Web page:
The Lightning is on its way!

Posted: April 5, 2012 in Hobby
Tags: , ,

Day 1 of ?…

The anticipation and trepidation is growing!  This morning my Dad sent me an email that said “the box” is on its way.  I am picturing this box to be more like a shipping container you might see on one of those giant ocean-faring cargo ships.  Inside this box is a “60 size” P-38 Lightning radio control airplane.  (“60” refers to a .60 cubic inch internal combustion engine.)  It was built by someone else who apparently had a hard landing the last time it flew.  I’ll write about its history in another post.  If you know what a P-38 looks like, you’ll know it has TWO engines!  So this airplane has TWO 60 size engines!  Okay, if you still can’t relate, that means it’s a BIG model!

The problem is I now live in a little 1,000 sq ft apartment, and I no longer have a big spacious garage to tinker in.  I have NO garage.  So my apartment is becoming the hanger for this monstrous aircraft.  And to make it flight worthy again (just the thought of flying this beast is so scary I can’t think about that right now) is going to take a major overhaul.  And to perform a proper overhaul will require space.  Fortunately, I do have a second bedroom.  It’s not huge, but that’s where it has to happen.

Tomorrow I’m supposed to find out the date and time for the delivery of “the box”.  I feel like I should get a uniform for a crew member of the flight deck with the flashlights waving in the taxiing arriving aircraft.  I’ll let you know when I can cross my flashlights to make the “X” to signal the aircraft has parked and shutdown (in my second bedroom).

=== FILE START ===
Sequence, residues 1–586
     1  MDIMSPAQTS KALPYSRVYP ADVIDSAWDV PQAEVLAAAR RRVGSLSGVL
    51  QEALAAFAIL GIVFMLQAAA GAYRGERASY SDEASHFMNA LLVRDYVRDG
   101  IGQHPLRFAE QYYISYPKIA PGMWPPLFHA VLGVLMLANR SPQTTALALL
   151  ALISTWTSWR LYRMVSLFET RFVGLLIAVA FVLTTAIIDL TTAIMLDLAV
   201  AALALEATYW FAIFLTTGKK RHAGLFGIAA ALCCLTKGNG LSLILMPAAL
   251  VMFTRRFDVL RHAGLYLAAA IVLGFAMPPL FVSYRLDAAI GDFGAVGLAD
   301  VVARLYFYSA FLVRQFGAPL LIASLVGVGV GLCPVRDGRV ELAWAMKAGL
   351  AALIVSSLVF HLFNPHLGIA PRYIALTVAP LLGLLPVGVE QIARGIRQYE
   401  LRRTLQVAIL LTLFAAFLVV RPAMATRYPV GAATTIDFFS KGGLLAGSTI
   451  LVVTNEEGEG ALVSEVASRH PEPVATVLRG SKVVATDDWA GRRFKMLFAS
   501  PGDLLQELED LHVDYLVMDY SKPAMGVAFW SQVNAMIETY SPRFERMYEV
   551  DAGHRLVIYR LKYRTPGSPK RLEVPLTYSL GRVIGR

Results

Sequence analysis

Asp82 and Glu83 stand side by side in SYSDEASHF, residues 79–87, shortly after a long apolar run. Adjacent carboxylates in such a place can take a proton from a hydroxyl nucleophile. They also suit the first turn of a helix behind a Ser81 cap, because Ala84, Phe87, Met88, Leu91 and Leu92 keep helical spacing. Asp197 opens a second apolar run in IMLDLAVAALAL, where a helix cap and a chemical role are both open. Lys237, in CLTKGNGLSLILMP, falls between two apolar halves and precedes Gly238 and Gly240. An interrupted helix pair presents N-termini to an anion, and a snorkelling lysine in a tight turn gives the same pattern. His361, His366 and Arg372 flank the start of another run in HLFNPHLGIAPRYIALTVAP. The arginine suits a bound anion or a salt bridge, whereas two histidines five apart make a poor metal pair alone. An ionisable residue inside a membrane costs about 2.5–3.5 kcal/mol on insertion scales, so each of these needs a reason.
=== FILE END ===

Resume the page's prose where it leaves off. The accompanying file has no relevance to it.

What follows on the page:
The cool thing about this aircraft is I was a structural design engineer on the F-35, named the Lightning II.  The P-38 is a legendary aircraft in its own right, but now it is the predecessor to another awesome soon-to-be legendary aircraft.  “So I got that goin’ for me!” 😉

Back to the scariness of flying this airplane… The P-38 was known to be a VERY fast airplane.  So combine knowing that with the size of this model, adding in the fact that I haven’t flown a radio controlled airplane in years (not that I was ever skilled to begin with as my buddy Mark Pollmann can attest), fold in the cost and time that it is going to take to make it flight worthy (engines, radio, equipment, tools, etc), and then mix in the fact that radio controlled airfields have become more scarce so more crowded, and you get a nerve-wracking proposition (ooh I just remembered the desert on the other side of the local mountains – good place for its maiden flight).

BUT… I don’t even know if it is capable of flight yet.  I have to do a structural assessment.  Besides the obvious damage, the wood is old so could be brittle, and depending on the skills of the original builder, it might have been built too heavy.  Maybe that’s why it crashed?  No telling.  And I have to do some weight measurements and calculations.  If the airframe is too heavy, it may not be worth the effort to tear it down to the point where I can remedy a heavy airframe.  Again, that will depend on the skills of the original builder.  If nothing else, it could still make a great static display!  But we’ll know more when “the box” pulls into the gate.

Please stow and lock your tray tables, raise your seat backs, turn off all electronics, and prepare for landing…  it’s gonna be bumpy!

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